Overwatering is the biggest threat to the mother-in-law's tongue's health. The soil should be allowed to dry between watering, and enough water to dampen the soil and not soak it is acceptable. Too much water will cause root rot and can kill the plant.


These plants don't like to be cold. While they can handle cooler temperatures down to 50 degrees Fahrenheit, lower than that can cause the leaves to curl and wilt.

Ideal temperatures for mother-in-law's tongue are between 50 - 100 degrees Fahrenheit. Most normal room temperatures will be ideal for mother-in-law's tongue to thrive.


Although capable of growing in dry air, mother-in-law's tongue prefers humidity.


Fast-draining soil, such as a mixture of perlite and potting soil, is recommended. Soil that holds water for too long will leave mother-in-law's tongue susceptible to root rot.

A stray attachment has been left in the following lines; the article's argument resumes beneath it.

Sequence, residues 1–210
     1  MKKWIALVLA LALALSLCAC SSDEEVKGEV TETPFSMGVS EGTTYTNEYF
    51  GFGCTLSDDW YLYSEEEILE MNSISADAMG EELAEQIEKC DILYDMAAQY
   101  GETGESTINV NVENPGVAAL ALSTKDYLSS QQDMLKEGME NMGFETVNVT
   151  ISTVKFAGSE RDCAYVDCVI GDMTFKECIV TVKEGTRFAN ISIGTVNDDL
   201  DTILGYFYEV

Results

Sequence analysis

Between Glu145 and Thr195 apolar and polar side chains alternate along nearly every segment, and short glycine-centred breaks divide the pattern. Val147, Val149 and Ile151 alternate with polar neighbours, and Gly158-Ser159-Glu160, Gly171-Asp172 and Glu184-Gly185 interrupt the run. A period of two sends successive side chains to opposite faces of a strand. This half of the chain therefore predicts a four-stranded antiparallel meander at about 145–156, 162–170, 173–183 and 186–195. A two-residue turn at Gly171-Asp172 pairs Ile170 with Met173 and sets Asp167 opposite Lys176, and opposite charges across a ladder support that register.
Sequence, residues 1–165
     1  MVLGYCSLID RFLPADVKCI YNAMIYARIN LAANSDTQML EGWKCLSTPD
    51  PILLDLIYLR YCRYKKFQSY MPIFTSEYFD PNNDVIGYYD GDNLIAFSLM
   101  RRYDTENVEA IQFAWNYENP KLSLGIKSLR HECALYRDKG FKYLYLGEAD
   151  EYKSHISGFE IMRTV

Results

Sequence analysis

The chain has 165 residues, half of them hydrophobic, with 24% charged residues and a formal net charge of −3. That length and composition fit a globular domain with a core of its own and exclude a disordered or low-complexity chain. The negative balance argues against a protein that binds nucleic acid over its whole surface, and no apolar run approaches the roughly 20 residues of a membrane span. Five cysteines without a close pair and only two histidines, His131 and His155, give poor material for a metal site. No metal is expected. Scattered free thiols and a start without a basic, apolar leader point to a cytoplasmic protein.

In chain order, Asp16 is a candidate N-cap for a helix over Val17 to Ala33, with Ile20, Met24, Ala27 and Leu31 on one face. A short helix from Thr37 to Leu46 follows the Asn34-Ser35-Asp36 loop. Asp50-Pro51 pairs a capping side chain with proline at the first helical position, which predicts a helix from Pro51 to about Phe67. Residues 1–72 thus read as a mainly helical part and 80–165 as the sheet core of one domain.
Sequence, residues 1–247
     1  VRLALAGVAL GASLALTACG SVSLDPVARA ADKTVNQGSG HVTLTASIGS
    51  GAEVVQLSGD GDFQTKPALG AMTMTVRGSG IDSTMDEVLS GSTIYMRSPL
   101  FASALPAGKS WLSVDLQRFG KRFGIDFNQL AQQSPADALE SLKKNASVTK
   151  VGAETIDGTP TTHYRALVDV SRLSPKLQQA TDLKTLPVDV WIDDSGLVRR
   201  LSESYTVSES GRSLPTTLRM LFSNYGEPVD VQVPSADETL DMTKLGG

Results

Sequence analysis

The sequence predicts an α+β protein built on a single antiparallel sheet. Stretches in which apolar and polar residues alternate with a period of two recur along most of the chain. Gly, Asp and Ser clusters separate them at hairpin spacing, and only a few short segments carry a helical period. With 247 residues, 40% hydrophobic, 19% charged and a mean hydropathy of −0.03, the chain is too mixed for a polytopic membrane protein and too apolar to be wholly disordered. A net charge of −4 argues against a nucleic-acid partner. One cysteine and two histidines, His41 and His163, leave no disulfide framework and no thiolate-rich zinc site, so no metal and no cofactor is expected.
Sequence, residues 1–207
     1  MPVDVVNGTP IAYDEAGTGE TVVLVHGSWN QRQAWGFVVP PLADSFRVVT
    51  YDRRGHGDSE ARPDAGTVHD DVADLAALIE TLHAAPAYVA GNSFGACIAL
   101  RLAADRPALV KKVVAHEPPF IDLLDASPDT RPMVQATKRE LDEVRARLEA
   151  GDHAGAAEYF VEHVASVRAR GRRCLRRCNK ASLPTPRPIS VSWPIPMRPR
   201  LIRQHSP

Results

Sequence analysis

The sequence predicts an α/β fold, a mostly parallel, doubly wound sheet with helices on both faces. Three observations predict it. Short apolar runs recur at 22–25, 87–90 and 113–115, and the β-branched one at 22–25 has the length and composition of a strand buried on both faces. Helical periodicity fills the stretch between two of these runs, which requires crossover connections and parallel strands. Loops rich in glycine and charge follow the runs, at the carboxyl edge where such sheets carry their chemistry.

Pruning the mother-in-law's tongue is only necessary if a leaf is damaged or unsightly. When pruning, cut the leaf as close to the base of the plant as possible.


Mother in laws tongue is so easy to grow that fertilizing isn't necessary. A little fertilizer during the growing season can encourage new and faster growth to a small degree.

Height & Growth

When grown indoors, mother-in-law's tongue will reach approximately 2 feet at its maturity. In areas where it can be grown outdoors or given the right conditions, its height can be closer to 4-6 feet and sometimes as tall as 12 feet. However, given its slow-growing nature, it will take some time to achieve full height.


In humans, toxicity is mild unless consumed in large quantities. If ingested by pets or children, it's advisable to seek medical attention.


Mother-in-law’s tongue is toxic to pets and can be dangerous.

Common Problems 

  • Drooping leaves. This is likely a result of overwatering. Allow the soil to dry out. Drooping leaves can also be a result of heat stress. Moving your plant to an area with more indirect sunlight can help.